Leonardo da Vinci Art


Leonardo da Vinci’s insatiable curiosity and creative imagination used both of his brain’s left and right sides to their full potential to create a number of innovations that were far ahead of their time.


Leonardo da Vinci was the eldest of 12 children, and his family never treated him any differently for being born out of wedlock.

early training and work

Leonardo da Vinci’s ability to start his apprenticeship in such a famous art studio is a sign of his father’s clout in the community.

early training and work

After serving as an apprentice for six years, Da Vinci joined the Guild of St. Luke, an organization of Florentine painters and physicians, in 1472.

mature period

From 1482 through 1499, Da Vinci was employed by the Milanese Court. He was a well-known perfectionist who devoted a lot of time to studying human anatomy, especially how people’s bodies moved.

development of techniques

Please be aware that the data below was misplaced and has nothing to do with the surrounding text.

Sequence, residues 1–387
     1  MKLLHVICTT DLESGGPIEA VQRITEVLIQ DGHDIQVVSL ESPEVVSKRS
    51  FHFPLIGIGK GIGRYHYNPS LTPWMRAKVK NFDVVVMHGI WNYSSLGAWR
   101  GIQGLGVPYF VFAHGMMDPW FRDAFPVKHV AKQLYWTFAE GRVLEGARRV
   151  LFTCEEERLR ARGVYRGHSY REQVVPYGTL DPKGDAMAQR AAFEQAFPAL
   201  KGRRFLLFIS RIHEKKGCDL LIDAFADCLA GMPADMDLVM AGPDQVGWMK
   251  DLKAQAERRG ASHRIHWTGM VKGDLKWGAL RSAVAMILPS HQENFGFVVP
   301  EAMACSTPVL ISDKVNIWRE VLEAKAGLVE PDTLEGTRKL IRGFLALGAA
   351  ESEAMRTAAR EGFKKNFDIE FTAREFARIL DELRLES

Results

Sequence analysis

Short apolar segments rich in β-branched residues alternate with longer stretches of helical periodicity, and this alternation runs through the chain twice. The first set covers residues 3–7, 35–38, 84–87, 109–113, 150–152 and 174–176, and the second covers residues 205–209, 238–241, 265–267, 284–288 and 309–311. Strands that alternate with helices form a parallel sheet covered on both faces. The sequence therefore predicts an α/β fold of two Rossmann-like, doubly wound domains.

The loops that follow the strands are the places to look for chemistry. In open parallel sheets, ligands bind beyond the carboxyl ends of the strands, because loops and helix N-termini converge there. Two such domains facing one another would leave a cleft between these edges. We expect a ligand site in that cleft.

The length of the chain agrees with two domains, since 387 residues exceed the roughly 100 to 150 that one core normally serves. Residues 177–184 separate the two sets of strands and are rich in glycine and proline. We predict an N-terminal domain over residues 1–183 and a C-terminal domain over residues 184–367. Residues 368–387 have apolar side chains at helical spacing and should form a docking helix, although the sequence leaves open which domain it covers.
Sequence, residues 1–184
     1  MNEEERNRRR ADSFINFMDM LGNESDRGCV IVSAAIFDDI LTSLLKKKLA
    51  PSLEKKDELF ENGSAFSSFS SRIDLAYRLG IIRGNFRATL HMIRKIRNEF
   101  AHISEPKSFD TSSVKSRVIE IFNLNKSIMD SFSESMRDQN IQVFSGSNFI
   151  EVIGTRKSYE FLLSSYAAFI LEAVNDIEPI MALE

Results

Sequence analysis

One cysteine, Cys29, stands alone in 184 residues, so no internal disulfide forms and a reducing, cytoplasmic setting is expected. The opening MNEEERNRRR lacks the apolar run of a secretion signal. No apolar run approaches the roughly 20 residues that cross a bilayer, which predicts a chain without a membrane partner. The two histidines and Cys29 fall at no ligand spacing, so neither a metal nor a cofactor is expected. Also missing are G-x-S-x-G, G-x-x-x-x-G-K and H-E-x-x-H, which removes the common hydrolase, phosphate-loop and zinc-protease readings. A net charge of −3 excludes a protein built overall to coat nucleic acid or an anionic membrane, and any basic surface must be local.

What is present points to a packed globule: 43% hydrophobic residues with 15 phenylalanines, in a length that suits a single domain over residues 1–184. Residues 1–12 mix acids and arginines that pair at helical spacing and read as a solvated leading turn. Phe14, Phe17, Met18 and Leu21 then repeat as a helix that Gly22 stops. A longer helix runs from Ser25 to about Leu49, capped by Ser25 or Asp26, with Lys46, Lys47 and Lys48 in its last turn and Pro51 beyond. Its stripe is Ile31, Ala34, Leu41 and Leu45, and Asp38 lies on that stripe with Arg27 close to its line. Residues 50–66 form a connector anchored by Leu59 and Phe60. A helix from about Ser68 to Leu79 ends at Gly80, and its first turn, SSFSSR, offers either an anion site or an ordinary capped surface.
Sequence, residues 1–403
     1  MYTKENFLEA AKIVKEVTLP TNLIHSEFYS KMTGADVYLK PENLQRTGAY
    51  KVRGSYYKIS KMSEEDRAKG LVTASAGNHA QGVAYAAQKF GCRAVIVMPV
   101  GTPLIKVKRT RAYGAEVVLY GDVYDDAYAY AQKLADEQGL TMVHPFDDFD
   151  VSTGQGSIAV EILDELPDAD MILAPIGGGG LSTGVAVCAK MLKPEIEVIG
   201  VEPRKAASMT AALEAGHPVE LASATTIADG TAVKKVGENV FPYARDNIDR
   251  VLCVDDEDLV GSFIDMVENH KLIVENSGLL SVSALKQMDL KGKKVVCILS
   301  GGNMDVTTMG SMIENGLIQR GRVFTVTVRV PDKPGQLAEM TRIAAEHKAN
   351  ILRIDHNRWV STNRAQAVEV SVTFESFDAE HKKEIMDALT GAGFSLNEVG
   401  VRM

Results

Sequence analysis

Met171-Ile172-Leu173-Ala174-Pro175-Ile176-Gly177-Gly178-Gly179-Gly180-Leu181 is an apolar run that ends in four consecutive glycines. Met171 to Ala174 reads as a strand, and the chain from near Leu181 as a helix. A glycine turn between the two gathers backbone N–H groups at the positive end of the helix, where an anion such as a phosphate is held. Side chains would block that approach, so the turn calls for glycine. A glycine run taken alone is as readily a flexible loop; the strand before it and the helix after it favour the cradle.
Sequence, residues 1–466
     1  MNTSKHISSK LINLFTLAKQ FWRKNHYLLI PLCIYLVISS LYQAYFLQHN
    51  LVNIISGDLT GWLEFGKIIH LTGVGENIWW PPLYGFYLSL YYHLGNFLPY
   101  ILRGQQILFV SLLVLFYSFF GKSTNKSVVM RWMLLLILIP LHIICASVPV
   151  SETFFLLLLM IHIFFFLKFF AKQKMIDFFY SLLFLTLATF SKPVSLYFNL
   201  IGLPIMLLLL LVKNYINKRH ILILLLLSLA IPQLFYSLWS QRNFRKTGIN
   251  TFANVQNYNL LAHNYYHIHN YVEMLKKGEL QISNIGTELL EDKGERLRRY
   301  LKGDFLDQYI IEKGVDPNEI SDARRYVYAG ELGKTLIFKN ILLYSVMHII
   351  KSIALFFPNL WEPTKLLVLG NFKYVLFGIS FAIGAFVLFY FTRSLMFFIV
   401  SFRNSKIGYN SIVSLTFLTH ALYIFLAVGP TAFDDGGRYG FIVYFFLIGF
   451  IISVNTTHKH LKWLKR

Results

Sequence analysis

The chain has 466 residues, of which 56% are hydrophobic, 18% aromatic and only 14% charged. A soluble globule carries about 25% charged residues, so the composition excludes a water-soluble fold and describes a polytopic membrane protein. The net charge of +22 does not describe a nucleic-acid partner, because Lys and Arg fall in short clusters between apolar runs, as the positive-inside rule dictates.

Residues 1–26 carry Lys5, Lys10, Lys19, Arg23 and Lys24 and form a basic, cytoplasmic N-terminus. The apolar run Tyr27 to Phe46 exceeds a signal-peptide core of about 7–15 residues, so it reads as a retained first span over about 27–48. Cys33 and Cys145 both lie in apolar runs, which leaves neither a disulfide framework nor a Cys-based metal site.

Da Vinci is renowned for a number of skills, including his ability to produce the smokey effect known as sfumato.

development of techniques

Da Vinci had used oil paints on wet plaster to create the sfumato aesthetic, which finally caused the pigment to peel off the refectory wall of the monastery of Santa Maria del Grazie in Milan.

work for monarchs

Da Vinci was commissioned to produce an equine bronze sculpture named Gran Cavallo in 1482 honoring the founder of the Sforza family as his final unfinished project before departing Milan.

interest in science

Da Vinci also invented effective military weapons, including an early prototype of the machine gun and his well-known huge crossbow.

late period

Leonardo da Vinci spent much of his last years organizing his scientific papers and notes rather than painting.

late period

His views on mathematics, architecture, engineering, human anatomy, and physics, as well as his perspective on art and Humanism, demonstrated a depth of brilliance that earned him the title of real genius.


Although the majority of his painting centered on religion and portraiture during the High Renaissance, it was his skills, along with his masterful composition, that had the most effect on Western art.


Invention, art, science, architecture, music, engineering, mathematics, literature, geology, astronomy, anatomy, writing, botany, history, and cartography are just a few of the disciplines where Leonardo da Vinci excelled.